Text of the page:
as its argument, returns the sum of all integers between
sumInt :: Int -> Int sumInt x | x == 0 = 0 | otherwise = x + sumInt (x - 1)
This definition can be found in
Haskell supports pattern-matching.
This means that not only variables are allowed in function definitions.
sumInt can also be defined like this:
sumInt :: Int -> Int sumInt 0 = 0 sumInt x = x + sumInt (x - 1)
This definition can be found in
It fails miserably, however, for negative arguments.
These can be caught as follows:
sumInt :: Int -> Int sumInt 0 = 0 sumInt x | x < 0 = error "sumInt undefined when x < 0" | otherwise = x + sumInt (x - 1)
This definition can be found in
It uses the function
error of type
String -> a,
that is to say, it takes a string argument, where a string is a list of characters,
and returns a value of any type.
error function throws an exception; it terminates normal evaluation and
returns you to the Haskell prompt after displaying the message given to it as
Defining the Fibonacci numbers
As another example of function definition I will define the Fibonacci numbers. The first definition uses explicit guards:
fib :: Int -> Int fib i | i == 0 = 0 | i == 1 = 1 | otherwise = fib (i - 1) + fib (i - 2)
The second definition uses pattern-matching:
fib :: Int -> Int fib 0 = 0 fib 1 = 1 fib i = fib (i - 1) + fib (i - 2)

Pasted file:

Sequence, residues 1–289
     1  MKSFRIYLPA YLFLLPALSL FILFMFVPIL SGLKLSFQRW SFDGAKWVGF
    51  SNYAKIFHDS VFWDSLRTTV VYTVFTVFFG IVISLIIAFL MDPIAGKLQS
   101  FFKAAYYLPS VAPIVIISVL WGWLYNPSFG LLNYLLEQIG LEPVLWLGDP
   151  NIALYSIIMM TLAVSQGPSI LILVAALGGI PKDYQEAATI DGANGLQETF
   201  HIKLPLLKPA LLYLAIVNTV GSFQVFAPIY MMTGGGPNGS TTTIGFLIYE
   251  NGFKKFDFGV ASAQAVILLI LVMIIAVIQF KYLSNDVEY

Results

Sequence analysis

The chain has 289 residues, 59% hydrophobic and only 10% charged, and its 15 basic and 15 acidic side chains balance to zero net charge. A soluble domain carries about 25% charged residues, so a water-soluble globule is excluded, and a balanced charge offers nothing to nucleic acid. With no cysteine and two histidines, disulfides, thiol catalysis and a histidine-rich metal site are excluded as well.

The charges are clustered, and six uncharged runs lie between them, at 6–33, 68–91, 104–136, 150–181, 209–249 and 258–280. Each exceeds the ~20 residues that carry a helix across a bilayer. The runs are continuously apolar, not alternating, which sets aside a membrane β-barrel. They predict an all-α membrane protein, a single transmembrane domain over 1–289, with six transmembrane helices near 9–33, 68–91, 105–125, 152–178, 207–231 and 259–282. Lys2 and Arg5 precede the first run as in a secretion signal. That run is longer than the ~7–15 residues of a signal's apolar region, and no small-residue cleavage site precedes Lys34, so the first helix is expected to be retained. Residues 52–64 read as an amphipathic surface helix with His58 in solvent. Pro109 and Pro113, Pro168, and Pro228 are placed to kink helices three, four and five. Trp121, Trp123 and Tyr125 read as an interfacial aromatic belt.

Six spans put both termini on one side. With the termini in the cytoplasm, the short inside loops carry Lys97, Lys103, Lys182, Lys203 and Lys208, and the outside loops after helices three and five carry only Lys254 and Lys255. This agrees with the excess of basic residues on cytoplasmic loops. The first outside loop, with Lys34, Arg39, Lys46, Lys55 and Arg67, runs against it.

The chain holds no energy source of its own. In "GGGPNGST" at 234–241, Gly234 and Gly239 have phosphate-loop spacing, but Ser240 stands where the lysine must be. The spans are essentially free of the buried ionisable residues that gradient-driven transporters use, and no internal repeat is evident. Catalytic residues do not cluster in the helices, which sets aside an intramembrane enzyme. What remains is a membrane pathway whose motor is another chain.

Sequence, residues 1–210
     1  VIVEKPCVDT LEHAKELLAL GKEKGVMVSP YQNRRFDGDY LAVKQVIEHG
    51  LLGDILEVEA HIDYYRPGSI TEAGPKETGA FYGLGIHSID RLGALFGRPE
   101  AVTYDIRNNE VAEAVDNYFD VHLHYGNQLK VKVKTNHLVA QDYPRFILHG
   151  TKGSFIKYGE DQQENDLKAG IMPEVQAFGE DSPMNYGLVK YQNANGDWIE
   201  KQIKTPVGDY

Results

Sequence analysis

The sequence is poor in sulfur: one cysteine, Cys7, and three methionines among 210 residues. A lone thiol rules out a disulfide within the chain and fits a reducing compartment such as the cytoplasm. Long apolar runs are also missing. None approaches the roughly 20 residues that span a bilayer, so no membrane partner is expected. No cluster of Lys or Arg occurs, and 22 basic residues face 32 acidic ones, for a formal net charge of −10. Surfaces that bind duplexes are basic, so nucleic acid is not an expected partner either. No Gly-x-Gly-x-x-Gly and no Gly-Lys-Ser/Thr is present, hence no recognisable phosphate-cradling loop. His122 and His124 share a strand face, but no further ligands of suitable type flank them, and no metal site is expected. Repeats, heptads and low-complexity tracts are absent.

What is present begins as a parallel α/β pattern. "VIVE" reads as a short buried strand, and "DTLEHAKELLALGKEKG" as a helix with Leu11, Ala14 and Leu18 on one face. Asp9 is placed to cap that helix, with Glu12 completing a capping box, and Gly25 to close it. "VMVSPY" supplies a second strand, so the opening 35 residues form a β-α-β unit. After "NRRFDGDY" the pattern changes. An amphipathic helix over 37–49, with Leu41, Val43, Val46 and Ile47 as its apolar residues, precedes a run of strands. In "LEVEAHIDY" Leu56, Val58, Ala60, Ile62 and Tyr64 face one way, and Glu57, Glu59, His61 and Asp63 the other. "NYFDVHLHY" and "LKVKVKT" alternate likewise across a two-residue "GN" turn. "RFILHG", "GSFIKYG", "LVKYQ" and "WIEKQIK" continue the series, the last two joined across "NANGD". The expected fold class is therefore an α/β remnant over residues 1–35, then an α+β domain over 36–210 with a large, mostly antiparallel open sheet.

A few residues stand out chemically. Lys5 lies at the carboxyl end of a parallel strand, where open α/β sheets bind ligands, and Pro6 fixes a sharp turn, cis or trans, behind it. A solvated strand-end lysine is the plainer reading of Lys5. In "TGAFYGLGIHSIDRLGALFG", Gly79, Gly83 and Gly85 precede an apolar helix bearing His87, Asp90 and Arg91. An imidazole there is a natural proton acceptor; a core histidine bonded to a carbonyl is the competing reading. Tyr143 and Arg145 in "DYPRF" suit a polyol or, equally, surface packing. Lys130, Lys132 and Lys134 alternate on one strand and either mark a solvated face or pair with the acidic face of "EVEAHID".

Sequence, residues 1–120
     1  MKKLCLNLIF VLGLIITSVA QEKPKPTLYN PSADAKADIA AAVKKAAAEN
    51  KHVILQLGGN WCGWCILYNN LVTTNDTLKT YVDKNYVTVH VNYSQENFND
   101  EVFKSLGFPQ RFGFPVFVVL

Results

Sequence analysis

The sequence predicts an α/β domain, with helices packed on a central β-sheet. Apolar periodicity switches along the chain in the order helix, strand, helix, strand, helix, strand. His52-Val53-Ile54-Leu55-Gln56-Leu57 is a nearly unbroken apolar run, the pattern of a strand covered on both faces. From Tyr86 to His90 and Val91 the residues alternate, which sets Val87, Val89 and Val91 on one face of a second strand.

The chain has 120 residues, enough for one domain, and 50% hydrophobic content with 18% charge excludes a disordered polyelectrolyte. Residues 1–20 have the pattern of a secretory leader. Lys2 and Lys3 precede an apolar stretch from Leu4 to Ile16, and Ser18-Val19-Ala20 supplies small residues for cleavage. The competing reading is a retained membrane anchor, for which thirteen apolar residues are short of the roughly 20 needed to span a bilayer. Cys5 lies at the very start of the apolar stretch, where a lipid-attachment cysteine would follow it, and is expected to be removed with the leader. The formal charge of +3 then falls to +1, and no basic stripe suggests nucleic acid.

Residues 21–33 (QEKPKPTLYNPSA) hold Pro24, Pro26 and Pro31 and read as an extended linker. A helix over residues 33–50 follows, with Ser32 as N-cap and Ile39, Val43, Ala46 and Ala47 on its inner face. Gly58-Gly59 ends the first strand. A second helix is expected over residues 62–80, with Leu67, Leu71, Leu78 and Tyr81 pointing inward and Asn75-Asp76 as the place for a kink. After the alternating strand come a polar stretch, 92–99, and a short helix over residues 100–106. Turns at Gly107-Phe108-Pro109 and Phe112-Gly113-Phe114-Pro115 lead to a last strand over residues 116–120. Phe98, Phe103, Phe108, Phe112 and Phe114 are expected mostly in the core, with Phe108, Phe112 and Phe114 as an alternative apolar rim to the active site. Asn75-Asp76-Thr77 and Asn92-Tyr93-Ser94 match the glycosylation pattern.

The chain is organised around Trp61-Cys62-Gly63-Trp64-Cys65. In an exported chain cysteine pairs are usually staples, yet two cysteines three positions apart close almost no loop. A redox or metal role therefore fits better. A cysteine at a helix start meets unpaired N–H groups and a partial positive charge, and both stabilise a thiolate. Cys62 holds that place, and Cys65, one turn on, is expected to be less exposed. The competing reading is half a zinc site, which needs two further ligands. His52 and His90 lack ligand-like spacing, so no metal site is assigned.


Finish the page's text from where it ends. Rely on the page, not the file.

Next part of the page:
The following definition should be used if you need to know that an attempt
has been made to evaluate
fib with a negative argument:
fib :: Int -> Int fib 0 = 0 fib 1 = 1 fib i | i < 0 = error "fib undefined when i < 0" | otherwise = fib (i - 1) + fib (i - 2)
Haskell supports local definitions, for example:
foo x | x > 0 = p + q | x <= 0 = p - q where p = x^2 + 1 q = 3*x^3 - 5
Local definitions obey Landin's offside rule:
"The southeast quadrant that just contains the phrase's first symbol
must contain the entire phrase, except possibly for bracketed subexpressions."
If local definitions weren't permitted in Haskell,
foo would have to be defined like this:
foo x | x > 0 = x^2 + 1 + 3*x^3 - 5 | x <= 0 = x^2 + 1 - (3*x^3 - 5)
The following two definitions of a leap year illustrate bad and good programming style: